Side Effects of Generic ADHD Meds
Some ADD/ADHD patients have reported increased side effects, such as upset stomach and headaches. For those who do not respond well to generic drugs, Boorady speculates the cause could be more than just the speed at which a generic drug dispenses its active ingredient. “The difference in patients has to do with the differences in the fillers,” he says. Some patients are more sensitive to the colorings, binders, or other chemicals that are used in the generic and not the name-brand drug. Graedon compares buying generic medications to choosing a cheaper form of toilet paper. “It’s all toilet paper,” he said. “They’re all white, they serve the same purpose, but they have different comfort levels.”
How to Make the Switch to Generic ADD/ADHD Drugs
Most experts agree that many ADD/ADHD patients use generic medications successfully, and that these should remain options for treatment. Still, if you or your child is currently taking a name-brand treatment for ADD/ADHD and wants to switch to a generic, it is important to monitor any changes in behavior or symptoms. Outside observers – like teachers, spouses, or parents – often spot behavioral changes sooner than a physician, so it may be helpful to keep a log of your or your child’s symptoms to share with the doctor. Since many physicians now start an ADD/ADHD patient on a generic version of a stimulant, keep in mind that if the treatment seems ineffective, the name-brand version – or a different form of generic of the same drug – may work well. Orologio knows now to double-check prescriptions before having them filled, making sure that the right generic medication is listed, and that the “dispense as written” box is checked. As Orologio learned, even when something is “prescribed as the same exact drug,” he says, “it can be different.”
One ADD/ADHD Adult’s Story of Switching to Generic Meds
Dominic Orologio, 34, began treatment for ADD/ADHD symptoms six years ago. His doctor prescribed 30 milligrams of Adderall XR, an extended-release prescription medication. Orologio’s symptoms became more manageable. For the first time in his life, he was able to focus on work at the office.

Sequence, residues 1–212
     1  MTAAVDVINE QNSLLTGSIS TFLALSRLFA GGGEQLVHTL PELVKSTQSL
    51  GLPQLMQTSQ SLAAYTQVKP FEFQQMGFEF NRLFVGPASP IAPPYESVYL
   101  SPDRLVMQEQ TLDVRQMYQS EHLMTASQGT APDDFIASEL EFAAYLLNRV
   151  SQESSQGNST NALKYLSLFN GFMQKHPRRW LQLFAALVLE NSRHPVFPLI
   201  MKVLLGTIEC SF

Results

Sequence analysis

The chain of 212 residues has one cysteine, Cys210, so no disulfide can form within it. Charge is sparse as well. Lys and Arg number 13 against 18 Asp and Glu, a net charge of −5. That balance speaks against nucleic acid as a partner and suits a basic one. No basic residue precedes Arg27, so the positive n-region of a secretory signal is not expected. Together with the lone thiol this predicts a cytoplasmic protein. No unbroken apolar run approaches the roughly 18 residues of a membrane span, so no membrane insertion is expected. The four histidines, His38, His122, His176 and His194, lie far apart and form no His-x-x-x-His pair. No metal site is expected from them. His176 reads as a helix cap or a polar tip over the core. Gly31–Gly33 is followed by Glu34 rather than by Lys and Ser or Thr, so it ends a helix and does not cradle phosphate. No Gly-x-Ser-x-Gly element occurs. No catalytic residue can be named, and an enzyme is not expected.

After a few years on the medication, Orologio’s normal dose was no longer effective throughout the day, a common problem for people taking ADD/ADHD medications long-term. What once gave him relief from his ADD/ADHD symptoms for most of the day now worked for only about three hours. With his doctor’s advice, Orologio began to take a higher dose of a generic version of the drug.
On his first day with this new medication, he noticed that, after 45 minutes, the generic seemed to stop working. Conditions hadn’t improved with the switch to the generic; they had worsened. Seeking consistent relief for his ADD/ADHD symptoms, Orologio talked with his doctor and was put on Ritalin. The first version of Ritalin that he tried was a common generic that worked well. When he finished that prescription, he had a new prescription filled for what he thought was the same form of generic Ritalin. He noticed that his white tablets had been replaced by bright yellow ones, so he checked the label on the bottle. Sure enough, the yellow pills were also methylphenidate — the active ingredient in Ritalin — so he took one as prescribed. “Within a day it was a horror story, a complete nightmare,” says Orologio. “It was like I drank 10 cups of coffee; I was jittery and anxious.”